Women who regularly use cleaning supplies are prone to lung damage

Women who regularly use cleaning supplies are prone to lung damage

Women who regularly use cleaning supplies are prone to lung damage

The researchers did study a group of men who worked in the cleaning business and compared their results to non-cleaning men and found out that there are no significant differences in the decline of FEV1 or FVC between the two groups.

Researchers found that the decline in lung function of women working as cleaners or regularly using cleaning products at home was to the same degree as smoking 20 cigarettes a day over 10 to 20 years.

"While the short-term effects of cleaning chemicals on asthma are becoming increasingly well documented, we lack knowledge of the long-term impact", said Cecile Svanes, Professor at the University of Bergen in Norway.

The cleaning products appeared to affect the lung capacity of women more than men, though the study noted that there were fewer men enrolled in the study.

The team suggested that the decline in lung function could be caused by chemicals in cleaning products irritating the mucous membranes which line the lungs, which over time can lead to changes in the airways.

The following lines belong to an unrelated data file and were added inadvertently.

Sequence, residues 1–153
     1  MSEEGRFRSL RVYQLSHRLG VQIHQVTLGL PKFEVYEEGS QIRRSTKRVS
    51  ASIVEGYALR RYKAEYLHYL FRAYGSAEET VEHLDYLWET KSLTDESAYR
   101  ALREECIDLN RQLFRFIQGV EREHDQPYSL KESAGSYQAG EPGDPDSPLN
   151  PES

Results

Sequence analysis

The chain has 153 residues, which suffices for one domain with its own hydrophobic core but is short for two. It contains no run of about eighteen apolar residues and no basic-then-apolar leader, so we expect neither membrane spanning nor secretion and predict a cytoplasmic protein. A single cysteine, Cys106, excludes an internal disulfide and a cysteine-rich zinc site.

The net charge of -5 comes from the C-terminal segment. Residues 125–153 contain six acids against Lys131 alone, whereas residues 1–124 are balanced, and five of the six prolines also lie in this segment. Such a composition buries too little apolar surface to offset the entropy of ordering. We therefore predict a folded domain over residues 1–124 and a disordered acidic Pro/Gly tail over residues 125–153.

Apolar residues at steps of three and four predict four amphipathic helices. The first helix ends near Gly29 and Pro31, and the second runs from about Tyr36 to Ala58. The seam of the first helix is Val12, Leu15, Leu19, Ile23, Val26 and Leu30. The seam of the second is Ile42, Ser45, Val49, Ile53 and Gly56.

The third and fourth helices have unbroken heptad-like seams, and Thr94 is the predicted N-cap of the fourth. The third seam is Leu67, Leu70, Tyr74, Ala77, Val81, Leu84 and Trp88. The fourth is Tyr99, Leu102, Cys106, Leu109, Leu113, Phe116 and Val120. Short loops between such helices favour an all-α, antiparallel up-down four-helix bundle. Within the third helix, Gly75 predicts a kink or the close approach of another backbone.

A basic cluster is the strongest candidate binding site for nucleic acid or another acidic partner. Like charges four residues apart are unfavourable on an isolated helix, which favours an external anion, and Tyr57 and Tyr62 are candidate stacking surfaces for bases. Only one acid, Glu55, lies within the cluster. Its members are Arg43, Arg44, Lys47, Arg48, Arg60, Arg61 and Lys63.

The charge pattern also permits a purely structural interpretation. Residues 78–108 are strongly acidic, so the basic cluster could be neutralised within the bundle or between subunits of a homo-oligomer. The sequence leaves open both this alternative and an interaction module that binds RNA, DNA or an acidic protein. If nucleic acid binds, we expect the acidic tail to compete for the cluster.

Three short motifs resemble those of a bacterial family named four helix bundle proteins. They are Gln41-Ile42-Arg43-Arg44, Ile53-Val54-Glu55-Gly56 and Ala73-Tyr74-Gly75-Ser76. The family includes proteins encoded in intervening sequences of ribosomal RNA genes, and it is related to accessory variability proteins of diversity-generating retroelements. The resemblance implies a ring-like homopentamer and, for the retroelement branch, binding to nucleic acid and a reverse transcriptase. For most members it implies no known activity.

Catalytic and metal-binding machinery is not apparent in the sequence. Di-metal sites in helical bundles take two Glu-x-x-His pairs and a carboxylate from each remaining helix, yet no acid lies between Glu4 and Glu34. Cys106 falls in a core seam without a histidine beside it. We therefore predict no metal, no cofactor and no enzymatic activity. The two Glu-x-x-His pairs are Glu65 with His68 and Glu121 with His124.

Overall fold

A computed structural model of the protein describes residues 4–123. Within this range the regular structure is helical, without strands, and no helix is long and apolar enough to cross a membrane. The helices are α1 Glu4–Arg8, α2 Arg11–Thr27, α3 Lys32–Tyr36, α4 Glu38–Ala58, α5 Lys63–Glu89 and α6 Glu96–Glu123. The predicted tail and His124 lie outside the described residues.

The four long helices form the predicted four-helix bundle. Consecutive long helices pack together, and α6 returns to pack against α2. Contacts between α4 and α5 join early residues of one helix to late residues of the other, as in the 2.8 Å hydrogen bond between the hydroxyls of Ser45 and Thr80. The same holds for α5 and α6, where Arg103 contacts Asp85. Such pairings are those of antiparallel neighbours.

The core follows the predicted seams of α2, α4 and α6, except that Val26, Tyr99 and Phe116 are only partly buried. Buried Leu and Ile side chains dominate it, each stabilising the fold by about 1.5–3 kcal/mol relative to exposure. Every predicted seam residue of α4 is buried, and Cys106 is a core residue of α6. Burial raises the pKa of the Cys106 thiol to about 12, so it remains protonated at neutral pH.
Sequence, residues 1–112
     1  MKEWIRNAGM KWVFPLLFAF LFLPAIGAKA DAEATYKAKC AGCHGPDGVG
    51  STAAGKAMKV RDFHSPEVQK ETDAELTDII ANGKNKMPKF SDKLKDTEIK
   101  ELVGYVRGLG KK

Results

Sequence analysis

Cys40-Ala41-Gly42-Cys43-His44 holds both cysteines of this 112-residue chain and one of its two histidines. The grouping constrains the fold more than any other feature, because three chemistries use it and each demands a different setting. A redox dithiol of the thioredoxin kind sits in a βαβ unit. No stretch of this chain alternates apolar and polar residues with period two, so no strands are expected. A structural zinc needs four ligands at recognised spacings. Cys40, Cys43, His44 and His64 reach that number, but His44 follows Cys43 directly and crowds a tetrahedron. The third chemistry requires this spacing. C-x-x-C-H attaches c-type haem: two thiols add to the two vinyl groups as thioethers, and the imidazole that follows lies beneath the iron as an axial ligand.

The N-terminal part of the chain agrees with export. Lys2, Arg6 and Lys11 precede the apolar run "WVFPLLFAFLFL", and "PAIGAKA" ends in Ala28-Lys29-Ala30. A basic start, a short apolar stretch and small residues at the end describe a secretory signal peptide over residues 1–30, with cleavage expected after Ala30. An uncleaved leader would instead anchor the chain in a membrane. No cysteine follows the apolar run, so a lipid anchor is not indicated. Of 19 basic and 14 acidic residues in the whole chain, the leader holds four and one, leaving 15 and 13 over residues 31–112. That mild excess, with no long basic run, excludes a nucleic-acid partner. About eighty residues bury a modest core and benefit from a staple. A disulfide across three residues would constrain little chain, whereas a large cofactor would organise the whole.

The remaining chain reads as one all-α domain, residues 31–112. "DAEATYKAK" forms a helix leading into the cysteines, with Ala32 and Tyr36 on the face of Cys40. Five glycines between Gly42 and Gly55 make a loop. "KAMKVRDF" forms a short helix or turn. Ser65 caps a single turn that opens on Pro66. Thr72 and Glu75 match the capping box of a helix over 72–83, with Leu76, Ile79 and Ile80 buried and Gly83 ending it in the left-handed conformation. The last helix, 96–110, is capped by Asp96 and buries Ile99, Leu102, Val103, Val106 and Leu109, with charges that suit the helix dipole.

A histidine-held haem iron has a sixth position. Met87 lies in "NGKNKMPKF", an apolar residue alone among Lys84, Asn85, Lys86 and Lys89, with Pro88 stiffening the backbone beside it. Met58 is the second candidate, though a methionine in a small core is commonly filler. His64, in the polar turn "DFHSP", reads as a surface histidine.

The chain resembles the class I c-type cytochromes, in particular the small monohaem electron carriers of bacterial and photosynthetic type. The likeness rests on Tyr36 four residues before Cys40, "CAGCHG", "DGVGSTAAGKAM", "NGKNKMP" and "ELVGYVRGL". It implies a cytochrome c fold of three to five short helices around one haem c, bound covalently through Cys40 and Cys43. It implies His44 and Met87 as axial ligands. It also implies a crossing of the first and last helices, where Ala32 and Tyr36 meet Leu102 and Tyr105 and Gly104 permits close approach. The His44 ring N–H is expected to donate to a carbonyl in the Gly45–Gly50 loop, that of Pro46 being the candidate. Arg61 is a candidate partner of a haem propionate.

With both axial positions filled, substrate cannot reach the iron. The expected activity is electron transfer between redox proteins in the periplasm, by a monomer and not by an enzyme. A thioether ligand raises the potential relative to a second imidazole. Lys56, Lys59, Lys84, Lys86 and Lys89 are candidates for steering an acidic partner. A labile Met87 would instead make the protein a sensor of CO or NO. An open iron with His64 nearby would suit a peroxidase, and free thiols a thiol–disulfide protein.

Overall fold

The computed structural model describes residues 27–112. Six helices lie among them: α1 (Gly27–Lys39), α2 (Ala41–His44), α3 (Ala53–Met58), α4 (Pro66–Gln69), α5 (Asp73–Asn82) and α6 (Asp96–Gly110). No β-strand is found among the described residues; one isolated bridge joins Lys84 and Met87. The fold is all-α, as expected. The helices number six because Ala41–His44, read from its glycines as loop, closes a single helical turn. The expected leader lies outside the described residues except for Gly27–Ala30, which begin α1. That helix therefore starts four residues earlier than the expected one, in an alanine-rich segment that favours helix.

Well, dishcloth-dodgers have the ideal excuse as scientists have claimed that cleaning your home can be just as damaging to your lungs as smoking.

The population of 6,230 participants was examined three times over 20 years, as part of the European Community Respiratory Health Survey. Meanwhile, "cleaning was not significantly associated with lung function decline in men".

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A similar decline was seen in women who cleaned professionally.

"This study further confirms that air pollution can come from a range of sources, including from paints, adhesives and cleaning products we use indoors". Previous research has found that male lungs are more resistant to damage from various irritants including tobacco smoke and wood dust.

"Public health officials should strictly regulate cleaning products and encourage producers to develop cleaning agents that can not be inhaled".

Dr Samantha Walker, Director of Policy and Research at Asthma UK says: "Cleaning products can be toxic for people with asthma as they often contain chemical compounds that can inflame the airways, leaving people prone to an asthma attack".

Prof Oistein Svanes added that cleaning chemicals are "usually unnecessary" to use, saying that a good old microfibre cloth and water are 'more than enough for most purposes'.

However, there hasn't been a study to show the effects of the chemicals on healthy subjects, on the long-run.

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